Queens Library is an independent, not-for-profit corporation and is not affiliated with any other library. With 62 locations, Queens Library serves a population of 2.3 million in one of the most ethnically diverse counties in the U.S. and has among the highest circulations of any public library system in the world. For more information about programs, services, locations, events and news, visit the Queens Library website at www.queenslibrary.org or phone 718-990-0700. Queens Library. Enrich Your Life.®
FORGET HALLOWEEN! This #ThrowbackThursday takes us 68 years back, to Thanksgiving Day 1945 — better known as RAGAMUFFIN DAY to the kids of that era who dressed up and collected treats from neighbors’ houses.
Here, Hollis resident Jean Bartlett (far right) poses on her lawn with with her younger sister, Diana (third from left), and two neighborhood friends. Anyone remember this old tradition? Hear her talk about it here: http://ow.ly/r1QeL
"Anne Helen Peterson, writing for LARB, despaired that Netflix is creating a “new canon” among young television viewers: “[A]s far as I can tell, the general sentiment goes something like this: if it’s not on Netflix, why bother?” The limited options for film viewers, particularly those looking for obscure or classic titles, are even more troubling. Like it or not, Netflix has positioned itself as the primary delivery system for at-home movie watching, and contrary to its claims, the company isn’t an “expert programmer”; it offers up whatever it can get from the content providers it has agreements with, and (like Blockbuster before it), Netflix is more interested in what’s new and hot than what’s old and good.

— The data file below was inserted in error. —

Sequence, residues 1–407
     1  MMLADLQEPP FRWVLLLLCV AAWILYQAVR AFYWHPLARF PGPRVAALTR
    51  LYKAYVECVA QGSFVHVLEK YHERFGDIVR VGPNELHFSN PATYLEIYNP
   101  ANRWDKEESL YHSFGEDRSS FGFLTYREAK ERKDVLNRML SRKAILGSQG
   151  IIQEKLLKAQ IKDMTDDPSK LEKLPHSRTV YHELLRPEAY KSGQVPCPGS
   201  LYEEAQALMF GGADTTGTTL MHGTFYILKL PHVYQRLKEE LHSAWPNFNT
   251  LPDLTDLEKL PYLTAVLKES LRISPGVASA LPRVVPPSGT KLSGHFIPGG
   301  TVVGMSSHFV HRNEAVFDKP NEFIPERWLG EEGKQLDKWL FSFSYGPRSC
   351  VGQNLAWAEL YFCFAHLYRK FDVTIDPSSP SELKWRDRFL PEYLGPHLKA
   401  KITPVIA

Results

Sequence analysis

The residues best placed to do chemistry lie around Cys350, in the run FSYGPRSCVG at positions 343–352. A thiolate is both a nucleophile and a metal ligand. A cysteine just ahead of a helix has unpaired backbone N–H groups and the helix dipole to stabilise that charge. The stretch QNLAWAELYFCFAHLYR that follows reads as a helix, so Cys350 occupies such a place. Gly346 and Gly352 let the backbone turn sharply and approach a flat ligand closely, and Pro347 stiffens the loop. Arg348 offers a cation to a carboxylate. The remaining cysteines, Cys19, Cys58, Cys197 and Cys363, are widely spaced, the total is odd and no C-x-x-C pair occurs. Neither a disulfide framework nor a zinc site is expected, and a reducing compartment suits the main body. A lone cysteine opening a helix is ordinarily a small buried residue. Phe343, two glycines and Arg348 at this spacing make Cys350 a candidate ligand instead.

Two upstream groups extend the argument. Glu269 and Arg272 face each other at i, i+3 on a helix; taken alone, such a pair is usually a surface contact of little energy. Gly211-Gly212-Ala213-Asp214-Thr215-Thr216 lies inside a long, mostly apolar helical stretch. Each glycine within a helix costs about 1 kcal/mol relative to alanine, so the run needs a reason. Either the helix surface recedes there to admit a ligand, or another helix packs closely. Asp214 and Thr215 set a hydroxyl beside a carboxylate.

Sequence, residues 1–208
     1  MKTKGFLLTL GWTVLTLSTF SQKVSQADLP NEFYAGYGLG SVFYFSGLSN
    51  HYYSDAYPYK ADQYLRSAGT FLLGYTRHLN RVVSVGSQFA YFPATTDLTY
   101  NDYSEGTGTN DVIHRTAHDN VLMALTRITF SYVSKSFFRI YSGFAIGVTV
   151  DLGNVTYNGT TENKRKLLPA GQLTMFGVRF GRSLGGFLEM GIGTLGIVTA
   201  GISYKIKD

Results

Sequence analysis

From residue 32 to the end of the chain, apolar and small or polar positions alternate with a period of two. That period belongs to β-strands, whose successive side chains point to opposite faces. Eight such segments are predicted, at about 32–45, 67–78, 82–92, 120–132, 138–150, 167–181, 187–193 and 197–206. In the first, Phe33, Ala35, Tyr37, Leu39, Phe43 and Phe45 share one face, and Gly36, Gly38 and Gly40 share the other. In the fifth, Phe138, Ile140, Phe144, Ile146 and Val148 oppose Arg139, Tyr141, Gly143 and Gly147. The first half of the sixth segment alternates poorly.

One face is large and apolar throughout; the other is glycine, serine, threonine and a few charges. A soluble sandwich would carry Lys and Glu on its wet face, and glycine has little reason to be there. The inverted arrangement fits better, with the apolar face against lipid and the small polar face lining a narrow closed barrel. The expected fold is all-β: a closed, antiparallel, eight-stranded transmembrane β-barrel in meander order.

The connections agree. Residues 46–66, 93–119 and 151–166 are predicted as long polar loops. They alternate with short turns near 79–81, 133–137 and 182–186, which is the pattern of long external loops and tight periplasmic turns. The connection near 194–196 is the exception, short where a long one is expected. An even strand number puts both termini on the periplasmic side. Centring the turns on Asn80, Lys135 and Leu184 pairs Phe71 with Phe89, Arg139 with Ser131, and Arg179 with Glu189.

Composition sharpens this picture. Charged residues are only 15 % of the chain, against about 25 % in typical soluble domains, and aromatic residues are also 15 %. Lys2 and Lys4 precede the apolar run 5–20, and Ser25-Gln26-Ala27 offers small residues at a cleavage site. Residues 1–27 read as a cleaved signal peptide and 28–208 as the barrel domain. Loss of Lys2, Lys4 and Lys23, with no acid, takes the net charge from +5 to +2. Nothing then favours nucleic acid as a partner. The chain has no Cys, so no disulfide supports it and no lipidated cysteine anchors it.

Don’t believe me? According to the fine folks at GoWatchIt, of the top 15 titles on the American Film Institute’s 2007 list of the best American movies, exactly none are currently streaming on Netflix. Among other subscription services, only one movie (Casablanca) is streaming free for Amazon Prime members; only one (City Lights) is available on Hulu Plus. Several others are available as á la carte rentals from iTunes, Amazon, and the like — and two titles (Raging Bull and Star Wars) aren’t even available via that method.”
Celebrating the NEW Queens Library at Mitchell-Linden with a parade and lion dancers, September 30, 2013.
Queens Library President & CEO Thomas Galante led the parade along with Deputy Borough President Barry Grodenchik, Council Member Peter Koo, State Senator Toby Ann Stavisky, Assembly Member Ron Kim, and Queens Library Board Chairwoman Jackie Arrington.
The celebration concluded with the feeding of a book to the lion—in place of the traditional lettuce—as a boon to the lifelong learning this space will foster in northern Flushing.
Thanks to Borough President Helen Marshall and Council Member Peter Koo for making this project possible.All photos courtesy of Dominick Totino Photography.
Interior of Cincinnati Library bookmobile, circa 1940, with librarian assistant Elizabeth Wuest at work. Bookmobiles, large enough for patrons to browse and choose their books inside, eliminated many of the difficulties of winter service to remote parts of the county.